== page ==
Should Pets Be Allowed to Sleep on Your Bed?

By Mario Esposito
Last Updated: August 11, 2018

Co-sleeping is a hot-button topic these days, but it’s usually discussed as a parenting issue. What about sharing your bed with beloved pets? This way less controversial than mothers sleeping alongside their children, and is something that is usually treated as a matter of personal preference. However, the sheer amount of people affected by multispecies co-sleeping should be an indicator of just how significant this is in terms of human sleep health as a whole.

Take a look at the numbers: As of 2017, 68% of US households include one or more tamed animals; and two thirds of these households are home to dogs and cats, the usual suspects when it comes to pet-and-owner co-sleeping. A whopping 60.2 million homes have one or more resident dogs, and about 47 million are shared with one or more cats! A 2015 poll shows that over 70% of American pet owners allow their pets to sleep in bed with them. That’s a lot of sleep being influenced by a fondness for furry friends.

Should pets be allowed to sleep on your bed? The short answer: No—but there’s a good chance that pet owners will allow it, anyway. Pet owners, we know that you love your fur babies. We know that you don’t feel like your dog or cat is affecting your sleep. Some studies even support this notion, although they do verify that sleeping without a pet on the bed is still better for sleep efficiency. Allow us to present you the facts, at least—and know that this is coming from people that have pets, too. All we ask is that you be aware of what sleeping with your pet on the bed really means for you and your health.

large brown dog lying down on bed


There are many great things about being a pet owner! Humans can form strong emotional bonds with animals, especially ones that can be kept indoors; like dogs and cats. Even simply being in the same room as an animal you trust can relieve anxiety and stress, decrease heart rate, and lower blood pressure; some studies even go as far as to ascribe mental, physical and social health improvements to regular pet interactions. It is important to note, though, that you don’t have to allow your pet on the bed for these advantages to come to the surface.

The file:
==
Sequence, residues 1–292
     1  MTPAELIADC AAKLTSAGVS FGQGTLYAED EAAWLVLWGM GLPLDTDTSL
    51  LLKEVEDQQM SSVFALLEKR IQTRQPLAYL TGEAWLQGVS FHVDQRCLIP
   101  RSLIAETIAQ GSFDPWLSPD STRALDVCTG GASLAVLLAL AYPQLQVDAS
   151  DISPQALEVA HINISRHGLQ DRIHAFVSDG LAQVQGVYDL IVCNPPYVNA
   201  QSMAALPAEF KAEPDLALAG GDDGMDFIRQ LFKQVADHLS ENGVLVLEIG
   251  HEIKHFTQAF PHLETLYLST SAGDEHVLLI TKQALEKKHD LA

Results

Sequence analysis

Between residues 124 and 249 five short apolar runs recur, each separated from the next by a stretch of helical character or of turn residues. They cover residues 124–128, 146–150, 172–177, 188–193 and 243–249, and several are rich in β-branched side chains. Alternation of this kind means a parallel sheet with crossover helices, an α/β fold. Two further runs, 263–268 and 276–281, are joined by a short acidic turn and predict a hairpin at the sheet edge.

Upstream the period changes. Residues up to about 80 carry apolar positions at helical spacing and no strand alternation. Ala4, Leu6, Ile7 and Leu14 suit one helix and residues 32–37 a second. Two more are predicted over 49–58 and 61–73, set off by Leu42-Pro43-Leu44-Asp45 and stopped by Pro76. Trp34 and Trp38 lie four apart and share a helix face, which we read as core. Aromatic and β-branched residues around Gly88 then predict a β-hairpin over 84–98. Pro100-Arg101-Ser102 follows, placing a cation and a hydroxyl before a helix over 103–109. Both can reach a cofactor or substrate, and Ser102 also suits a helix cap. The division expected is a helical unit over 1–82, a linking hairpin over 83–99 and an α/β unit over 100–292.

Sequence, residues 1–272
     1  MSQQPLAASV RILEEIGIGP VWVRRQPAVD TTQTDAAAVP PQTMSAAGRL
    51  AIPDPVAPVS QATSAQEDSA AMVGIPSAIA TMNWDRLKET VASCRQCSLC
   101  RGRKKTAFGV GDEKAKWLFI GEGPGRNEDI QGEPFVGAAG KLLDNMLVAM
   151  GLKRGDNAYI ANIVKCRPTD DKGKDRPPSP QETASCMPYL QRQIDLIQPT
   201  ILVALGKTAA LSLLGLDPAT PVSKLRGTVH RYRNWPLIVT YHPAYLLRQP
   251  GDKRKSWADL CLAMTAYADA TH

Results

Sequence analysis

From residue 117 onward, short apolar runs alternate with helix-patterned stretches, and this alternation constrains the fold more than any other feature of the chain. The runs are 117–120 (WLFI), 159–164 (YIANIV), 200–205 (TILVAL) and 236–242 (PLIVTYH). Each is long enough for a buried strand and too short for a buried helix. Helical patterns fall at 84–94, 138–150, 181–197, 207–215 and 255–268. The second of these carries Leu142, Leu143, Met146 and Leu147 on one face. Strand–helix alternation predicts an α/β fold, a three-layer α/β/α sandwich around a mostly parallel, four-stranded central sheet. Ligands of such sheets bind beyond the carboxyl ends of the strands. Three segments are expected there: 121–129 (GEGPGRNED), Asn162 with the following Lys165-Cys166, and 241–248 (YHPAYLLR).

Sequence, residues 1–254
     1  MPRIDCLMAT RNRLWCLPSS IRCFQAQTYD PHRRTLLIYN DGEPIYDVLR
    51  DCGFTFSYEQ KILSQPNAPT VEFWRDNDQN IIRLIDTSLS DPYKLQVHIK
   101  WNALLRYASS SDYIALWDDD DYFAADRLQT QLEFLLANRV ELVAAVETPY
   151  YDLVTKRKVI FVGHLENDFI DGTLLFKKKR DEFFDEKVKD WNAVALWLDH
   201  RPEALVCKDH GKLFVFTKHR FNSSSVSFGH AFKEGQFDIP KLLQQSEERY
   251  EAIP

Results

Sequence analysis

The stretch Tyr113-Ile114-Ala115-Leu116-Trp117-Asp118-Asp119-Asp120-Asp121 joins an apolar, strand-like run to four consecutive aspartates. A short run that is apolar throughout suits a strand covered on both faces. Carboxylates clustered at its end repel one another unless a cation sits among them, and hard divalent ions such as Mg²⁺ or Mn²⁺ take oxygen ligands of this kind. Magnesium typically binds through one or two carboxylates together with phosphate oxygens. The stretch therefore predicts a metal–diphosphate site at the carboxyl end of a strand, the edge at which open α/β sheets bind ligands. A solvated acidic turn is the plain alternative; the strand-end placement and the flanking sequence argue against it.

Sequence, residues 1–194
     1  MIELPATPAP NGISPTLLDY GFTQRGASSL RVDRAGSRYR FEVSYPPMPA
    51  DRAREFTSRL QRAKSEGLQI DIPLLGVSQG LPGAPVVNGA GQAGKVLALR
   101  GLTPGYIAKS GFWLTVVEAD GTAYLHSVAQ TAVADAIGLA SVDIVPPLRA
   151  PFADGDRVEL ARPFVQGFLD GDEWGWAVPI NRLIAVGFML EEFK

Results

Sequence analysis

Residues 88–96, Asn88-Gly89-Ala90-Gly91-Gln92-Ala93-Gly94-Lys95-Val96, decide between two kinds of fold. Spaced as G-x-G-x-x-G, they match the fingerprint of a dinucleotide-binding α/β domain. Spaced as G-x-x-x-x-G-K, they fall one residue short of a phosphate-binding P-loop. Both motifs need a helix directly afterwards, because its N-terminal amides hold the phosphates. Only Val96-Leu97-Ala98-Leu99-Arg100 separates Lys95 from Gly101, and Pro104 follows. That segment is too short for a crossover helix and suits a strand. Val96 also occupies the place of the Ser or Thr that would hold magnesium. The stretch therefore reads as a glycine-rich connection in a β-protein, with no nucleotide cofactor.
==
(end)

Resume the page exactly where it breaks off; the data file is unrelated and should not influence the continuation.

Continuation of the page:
In terms of benefits that come solely from co-sleeping with your pet, there’s the obvious: warmth and comfort. In fact, common Australian idiom three-dog night refers to a night being so cold that you’d need to share your sleeping space with three dogs to stay warm. This coincides with Aboriginal traditions that see dogs—and dingoes—as sacred spiritual protectors; and even in these contemporary times, there are indigenous families that sleep near their dogs to keep themselves safe from evil spirits or sorcery.

Physical protection is also one benefit. It may be largely redundant now and mostly for the pet owner’s peace of mind, but an increased feeling of support and security due to animal co-sleeping nevertheless translates to real positive changes in mental health. How does this happen? Well, maybe history has something to do with it. Sleeping with your pet was once a valid security measure! In the pre-Industrial days of Europe, security could also mean protection from rodents; and being a mouser is something comes naturally to most cats and dogs. Today, even with moderns locks and home security systems, some people still keep guard dogs—though these animals probably just sleep outdoors, or at least outside the bedroom.